'Fish Tank' film is fresh British realism
Director Arnold carries on tradition of social realism in coming-of-age tale
Some films make us long to be part of their world. And others, like Andrea Arnold’s "Fish Tank" (IFC Films) – playing through Thursday at The Loft – pull off what is in some ways a more difficult feat: they make us want to pull the film’s characters into our world.
There isn’t much in fifteen-year-old Mia’s life to desire. She lives in a cramped apartment in one of England’s depressing council estates, the equivalent of American public housing projects. Her mother is on the dole, drinks too much and expresses little interest in her two daughters’ state of mind. All Mia has to keep her sane is her portable CD player and the hip-hop dance routines she devises in a vacant flat.
Things begin looking up when Connor, a handsome man, enters her mother’s life. He has money. And a car, which he uses to take the family on a trip to the countryside. But the concern he shows for Mia and her younger sister Tyler, the words and gestures that communicate a caring their mother is too numb to express, soon lead to trouble.
"Fish Tank" – which won the Jury Prize and was nominated for the Palme d'Or at the Cannes Film Festival – isn’t the tale of an innocent, though. Mia may not be as mature as she thinks she is, but she is savvy enough to maintain a semblance of control in the most dire circumstances. When two boys act like they intend to rape her, she fights back furiously. And when Connor carries her to her tiny bedroom after she passes out from drinking liquor stolen from her mother’s party downstairs, she opens her eyes just enough to make sure that his good intentions don’t go awry.
Arnold, who also wrote the screenplay, takes pains to reinforce the impression that Mia is no victim. When Connor lends her his video camera so she can make a DVD for a dance audition, she immediately turns it on him in a demonstration of insouciant voyeurism. And later in the film, after she hears her mother making love with him, she steals down the hall and opens the door a crack to watch.
The spectacle disturbs her, as she indicates by slamming the door of her bedroom afterwards, but it also sets in motion a desire with potentially disastrous consequences, one she struggles to cope with even as she devotes herself to more chaste activities like drunken horseplay with the shy brother of her teenage attackers.
Like so many young people her age, Mia desperately wants to be taken for a grown up. But this desire conflicts with her need to receive the mentoring that her mother has failed to provide. The behavior of her pre-pubescent sister, who smokes and uses language that would make a sailor blush, helps the audience understand how difficult it is for Mia to show vulnerability. If she curses at the world, it’s because she feels that her life is cursed.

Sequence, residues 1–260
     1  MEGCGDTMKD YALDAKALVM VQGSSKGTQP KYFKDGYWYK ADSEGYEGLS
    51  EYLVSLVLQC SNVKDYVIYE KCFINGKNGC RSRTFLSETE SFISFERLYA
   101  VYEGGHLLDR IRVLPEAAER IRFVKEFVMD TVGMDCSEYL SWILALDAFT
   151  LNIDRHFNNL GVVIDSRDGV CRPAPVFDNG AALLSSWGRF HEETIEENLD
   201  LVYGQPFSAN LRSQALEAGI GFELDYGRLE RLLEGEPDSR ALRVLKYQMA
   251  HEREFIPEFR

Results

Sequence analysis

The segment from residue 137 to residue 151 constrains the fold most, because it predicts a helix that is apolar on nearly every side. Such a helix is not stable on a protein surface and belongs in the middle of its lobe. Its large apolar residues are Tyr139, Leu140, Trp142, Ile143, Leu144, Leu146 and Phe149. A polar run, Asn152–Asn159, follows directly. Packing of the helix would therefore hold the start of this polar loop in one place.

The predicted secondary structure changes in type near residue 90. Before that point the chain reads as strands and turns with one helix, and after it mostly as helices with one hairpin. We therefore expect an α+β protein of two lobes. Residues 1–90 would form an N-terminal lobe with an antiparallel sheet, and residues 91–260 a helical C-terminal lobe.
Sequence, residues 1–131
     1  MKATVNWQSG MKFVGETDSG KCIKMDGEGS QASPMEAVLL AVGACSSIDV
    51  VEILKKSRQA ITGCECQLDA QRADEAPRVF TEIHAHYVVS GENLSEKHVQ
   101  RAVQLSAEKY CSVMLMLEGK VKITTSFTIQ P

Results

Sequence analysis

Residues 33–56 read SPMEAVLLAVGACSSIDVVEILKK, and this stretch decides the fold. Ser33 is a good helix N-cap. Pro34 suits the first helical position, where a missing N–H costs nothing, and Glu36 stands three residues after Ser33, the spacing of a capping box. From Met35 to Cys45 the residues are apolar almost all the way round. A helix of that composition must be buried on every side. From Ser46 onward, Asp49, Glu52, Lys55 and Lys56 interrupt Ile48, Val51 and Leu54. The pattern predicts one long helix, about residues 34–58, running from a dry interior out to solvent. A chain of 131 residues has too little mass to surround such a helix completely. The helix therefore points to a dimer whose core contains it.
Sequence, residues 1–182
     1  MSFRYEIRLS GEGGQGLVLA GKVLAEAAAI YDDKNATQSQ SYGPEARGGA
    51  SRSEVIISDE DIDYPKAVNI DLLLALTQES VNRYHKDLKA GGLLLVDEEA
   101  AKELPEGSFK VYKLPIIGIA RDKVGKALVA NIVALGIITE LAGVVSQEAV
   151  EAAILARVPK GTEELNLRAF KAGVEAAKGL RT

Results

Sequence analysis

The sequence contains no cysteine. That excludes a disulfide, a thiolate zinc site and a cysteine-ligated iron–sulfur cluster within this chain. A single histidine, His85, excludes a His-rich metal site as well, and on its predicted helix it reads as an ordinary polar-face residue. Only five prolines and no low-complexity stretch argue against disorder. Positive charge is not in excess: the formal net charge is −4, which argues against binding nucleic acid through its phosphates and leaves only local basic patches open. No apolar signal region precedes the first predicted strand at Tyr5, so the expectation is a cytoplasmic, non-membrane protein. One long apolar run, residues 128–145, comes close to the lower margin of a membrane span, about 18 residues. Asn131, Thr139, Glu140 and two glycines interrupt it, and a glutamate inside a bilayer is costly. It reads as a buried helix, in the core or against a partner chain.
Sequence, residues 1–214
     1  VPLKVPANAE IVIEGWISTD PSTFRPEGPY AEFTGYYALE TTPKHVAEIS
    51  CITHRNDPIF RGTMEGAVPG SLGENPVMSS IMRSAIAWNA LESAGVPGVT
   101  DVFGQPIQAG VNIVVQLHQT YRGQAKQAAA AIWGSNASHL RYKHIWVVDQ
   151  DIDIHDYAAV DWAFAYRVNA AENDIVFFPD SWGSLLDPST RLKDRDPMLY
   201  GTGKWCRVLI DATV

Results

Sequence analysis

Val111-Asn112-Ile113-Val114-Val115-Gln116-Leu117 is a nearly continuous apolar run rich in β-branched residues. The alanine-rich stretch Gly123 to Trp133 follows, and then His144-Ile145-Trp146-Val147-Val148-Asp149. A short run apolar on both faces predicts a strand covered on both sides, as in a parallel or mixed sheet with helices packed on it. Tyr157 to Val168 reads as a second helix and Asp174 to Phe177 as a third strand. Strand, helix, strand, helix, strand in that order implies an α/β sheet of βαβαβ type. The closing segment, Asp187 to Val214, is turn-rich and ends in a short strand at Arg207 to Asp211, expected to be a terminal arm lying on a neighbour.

Towards the end of the film, Mia walks in on her mother dancing, not to the reggae that usually fills the apartment, but one of her daughter’s hip-hop records. Significantly, the track comes from Nas’ highly regarded 1994 debut album "Illmatic:" it’s as old as Mia. As hard as she tries to break free of her mother, they share a preference for music that predates their discovery of the hard facts of life. And they both dance as if they were trying to seduce themselves.
When Mia joins her mother, with Tyler doing her best to keep up, the sight of this damaged family unit briefly brought together by a common passion is incredibly moving. We’ve seen enough to know that the brief armistice will not last. But we also know that this momentary rapprochement, underscored by the relaxed brutality of the song’s lyrics, is all the redemption their claustrophobic world can offer: “Life’s a bitch and then you die; that's why we get high. Cause you never know when you're gonna go.”
This depressing analysis provides a decent summary of "Fish Tank." Although there are moments of crisis in the story, we are reminded over and over that the most difficult thing for Mia to deal with is not pain but its absence. During her family’s brief trip to the countryside with Connor, she wades out into a stream to help him catch a fish. When she emerges from the mire, her foot is bleeding from a cut. And she almost seems pleased. Even an unpleasant sensation can give a taste of freedom.
"Fish Tank" clearly follows in a distinguished tradition of British social realism. The mother-daughter relationship recalls the one in Shelagh Delaney’s play "A Taste of Honey," the female equivalent to the “Angry Young Men” of the 1950s, while the looseness of the script pays homage to director Mike Leigh’s work.
What sets "Fish Tank" apart from these illustrious predecessors are Arnold’s nods to less straightforward modes of storytelling. Mia’s purposeful meandering conjures French director Robert Bresson’s 1966 classic "Mouchette," while the prominence of hip-hop invokes American films like "Menace II Society." Like those pictures, "Fish Tank" is less interested in making a point than it is in exploring characters who are overwhelmed by a sense of pointlessness.
As bleak as that sounds, "Fish Tank" does make room for hope. The way Mia looks at the world, from her experimentation with the video camera to the things she notices during the long walks she takes, imply that she has the potential to escape her surroundings. That’s why her tightly wound personality doesn’t come off as a mere defense mechanism. She may keep her distance because she doesn’t want to get hurt, but she can use it to turn her hurt into art.
Charlie Bertsch has been based in Tucson since 2000. He has written about music, film and books for a variety of publications, including The Oxford American, Zeek, Tikkun, Phoenix New Times and the pioneering internet publication Bad Subjects: Political Education For Everyday Life, which he helped to found back in 1992. He welcomes your feedback.